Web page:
Posted by: Patricia Salkin | February 22, 2011

Federal District Court Denies Summary Judgment Motion on Washington State Energy Code Preemption Provision

A federal district court has denied a summary judgment motion by the Building Industry Association of Washington against the State Building Code Council involving a preemption challenge to the Code.  Specifically, Building Industry asserted that certain sections of the new Building Code were preempted by the federal Energy Policy and Conservation Act, Pub. Law No. 94-163, 89 Stat. 871 (1975) as amended by the National Appliance Energy Conservation Act of 1987, Public Law No. 100-12, and the Energy Policy Act of 1992, Public Law No. 102-486, 42 U.S.C. sec. 6297 which provide for energy efficiency standards for residential appliances.  The Court noted, that the 1992 amendments were enacted, “to reduce the Nation’s consumption of energy and to reduce the regulatory and economic burdens on the appliance manufacturing industry through the establishment of national energy conservation standards for major residential appliances.”

Washington State had recently enacted an amendment to the State Building Code, finding among other things, that:

“…energy efficiency is the cheapest, quickest, and cleanest way to meet rising energy needs, confront climate change, and boost [Washington’s] economy.  More than thirty percent of Washington’s greenhouse gas emissions come from energy use in buildings.  Making homes, businesses, and public institutions more energy efficient will save money, create good local jobs, enhance energy security, reduce pollution that causes global warming, and speed economic recovery while reducing the need to invest in costly new generation.  Washington can spur its economy and assert its regional and national clean energy leadership by putting efficiency first. Washington can accomplish this by: Promoting super efficient, low-energy use building codes; requiring disclosure of buildings’ energy use to prospective buyers; making public buildings models of energy efficiency; financing energy saving upgrades to existing buildings; and reducing utility bills for low-income households.”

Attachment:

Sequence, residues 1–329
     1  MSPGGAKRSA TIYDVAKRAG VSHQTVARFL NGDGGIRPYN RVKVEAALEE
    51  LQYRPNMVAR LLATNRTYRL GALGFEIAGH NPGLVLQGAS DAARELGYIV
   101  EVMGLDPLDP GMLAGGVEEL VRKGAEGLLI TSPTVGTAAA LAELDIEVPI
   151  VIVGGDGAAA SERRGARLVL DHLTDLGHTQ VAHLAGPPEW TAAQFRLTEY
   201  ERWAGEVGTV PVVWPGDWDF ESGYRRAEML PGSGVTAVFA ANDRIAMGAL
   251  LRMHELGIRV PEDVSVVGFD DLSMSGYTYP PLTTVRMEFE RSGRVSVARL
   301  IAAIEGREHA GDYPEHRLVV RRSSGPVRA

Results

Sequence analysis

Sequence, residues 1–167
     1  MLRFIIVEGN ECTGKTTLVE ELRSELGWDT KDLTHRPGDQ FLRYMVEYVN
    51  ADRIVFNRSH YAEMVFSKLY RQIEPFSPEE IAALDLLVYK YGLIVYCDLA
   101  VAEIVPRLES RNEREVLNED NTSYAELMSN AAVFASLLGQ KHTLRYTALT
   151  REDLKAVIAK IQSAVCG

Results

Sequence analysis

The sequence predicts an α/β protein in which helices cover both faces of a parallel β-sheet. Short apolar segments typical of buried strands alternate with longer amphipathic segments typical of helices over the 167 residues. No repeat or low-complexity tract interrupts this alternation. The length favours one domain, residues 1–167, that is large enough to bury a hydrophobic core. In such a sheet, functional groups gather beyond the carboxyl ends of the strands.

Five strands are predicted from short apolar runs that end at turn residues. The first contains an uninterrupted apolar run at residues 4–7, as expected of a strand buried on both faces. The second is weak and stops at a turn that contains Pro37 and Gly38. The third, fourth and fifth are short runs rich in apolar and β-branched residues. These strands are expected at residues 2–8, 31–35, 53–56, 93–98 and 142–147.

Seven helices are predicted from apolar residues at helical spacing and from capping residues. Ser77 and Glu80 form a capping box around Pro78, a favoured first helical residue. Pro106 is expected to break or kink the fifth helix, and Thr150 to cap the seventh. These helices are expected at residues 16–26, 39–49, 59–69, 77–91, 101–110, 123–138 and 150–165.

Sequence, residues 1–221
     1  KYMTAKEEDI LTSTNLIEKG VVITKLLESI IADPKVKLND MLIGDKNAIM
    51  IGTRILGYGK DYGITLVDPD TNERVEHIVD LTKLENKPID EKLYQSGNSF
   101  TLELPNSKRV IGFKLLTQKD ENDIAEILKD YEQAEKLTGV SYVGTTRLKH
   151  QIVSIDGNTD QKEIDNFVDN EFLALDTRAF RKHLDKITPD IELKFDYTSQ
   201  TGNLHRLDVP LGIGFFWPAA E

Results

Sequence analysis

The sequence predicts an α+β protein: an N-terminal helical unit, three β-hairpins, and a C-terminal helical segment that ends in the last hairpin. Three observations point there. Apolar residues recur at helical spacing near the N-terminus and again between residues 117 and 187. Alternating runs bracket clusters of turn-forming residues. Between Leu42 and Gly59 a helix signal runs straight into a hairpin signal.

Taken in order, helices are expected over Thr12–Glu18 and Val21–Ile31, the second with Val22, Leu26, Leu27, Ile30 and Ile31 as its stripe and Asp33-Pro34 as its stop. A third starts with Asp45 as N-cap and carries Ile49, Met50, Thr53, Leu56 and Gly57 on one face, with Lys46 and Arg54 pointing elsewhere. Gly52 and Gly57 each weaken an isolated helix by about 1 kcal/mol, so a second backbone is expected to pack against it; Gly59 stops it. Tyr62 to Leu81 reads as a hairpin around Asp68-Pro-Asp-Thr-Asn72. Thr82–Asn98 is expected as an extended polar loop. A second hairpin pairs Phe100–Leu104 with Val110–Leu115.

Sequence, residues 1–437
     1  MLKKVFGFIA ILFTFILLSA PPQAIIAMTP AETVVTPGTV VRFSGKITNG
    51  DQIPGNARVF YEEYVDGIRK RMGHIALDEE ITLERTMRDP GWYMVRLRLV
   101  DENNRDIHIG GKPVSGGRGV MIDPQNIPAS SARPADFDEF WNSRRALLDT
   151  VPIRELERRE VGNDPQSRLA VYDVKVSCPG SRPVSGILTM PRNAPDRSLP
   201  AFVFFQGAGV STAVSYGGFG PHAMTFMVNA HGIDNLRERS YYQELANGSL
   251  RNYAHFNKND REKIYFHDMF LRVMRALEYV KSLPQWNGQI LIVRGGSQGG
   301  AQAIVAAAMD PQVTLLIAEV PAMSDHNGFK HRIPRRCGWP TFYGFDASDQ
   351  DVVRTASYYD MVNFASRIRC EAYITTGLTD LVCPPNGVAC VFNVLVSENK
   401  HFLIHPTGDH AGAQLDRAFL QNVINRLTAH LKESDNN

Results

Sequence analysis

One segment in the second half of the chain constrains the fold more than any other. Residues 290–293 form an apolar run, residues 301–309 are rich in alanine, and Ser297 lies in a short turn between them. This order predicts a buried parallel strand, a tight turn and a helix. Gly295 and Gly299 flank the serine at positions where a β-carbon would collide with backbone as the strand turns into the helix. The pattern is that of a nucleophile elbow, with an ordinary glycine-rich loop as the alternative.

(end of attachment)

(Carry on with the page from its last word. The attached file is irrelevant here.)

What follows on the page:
After explaining provisions of the 2006 State Building Code and 2009 amendments thereto that require, among other things, a 15% reduction in annual net energy consumption for new construction, and the “pathways”  that could be selected to accomplish the requirement, the Court examined the preemption clause language of the federal Energy Policy and Conservation Act.  The clause provides, in part, that “a regulation or other requirement contained in a State or local building code for new construction concerning the energy efficiency or energy use of such covered product is not superceded” if the code complies with seven requirements.  The Plaintiffs alleged that four of the seven requirements were not met.  The Court then addressed each of these four items, and concluded that the Building Industry failed to meet the required showings for each of these items, and therefore they failed to carry their burden for summary judgment.  

Building Industry Association of Washington v. Washington State Building Code Council, 2011 WL 485895 (W.D. WA 2/7/2011).

The opinion can be accessed at:

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